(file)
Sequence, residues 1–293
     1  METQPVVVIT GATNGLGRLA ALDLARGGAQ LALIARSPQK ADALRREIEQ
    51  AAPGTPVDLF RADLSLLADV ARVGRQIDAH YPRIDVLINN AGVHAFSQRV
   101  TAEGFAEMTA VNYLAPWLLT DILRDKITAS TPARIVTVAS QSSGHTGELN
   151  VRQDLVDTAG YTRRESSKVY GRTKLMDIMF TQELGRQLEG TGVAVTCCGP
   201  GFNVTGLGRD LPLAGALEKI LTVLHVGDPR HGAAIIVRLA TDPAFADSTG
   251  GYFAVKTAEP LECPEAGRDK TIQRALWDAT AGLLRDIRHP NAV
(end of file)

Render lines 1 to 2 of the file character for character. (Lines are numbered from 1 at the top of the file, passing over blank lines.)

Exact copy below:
Sequence, residues 1–293
     1  METQPVVVIT GATNGLGRLA ALDLARGGAQ LALIARSPQK ADALRREIEQ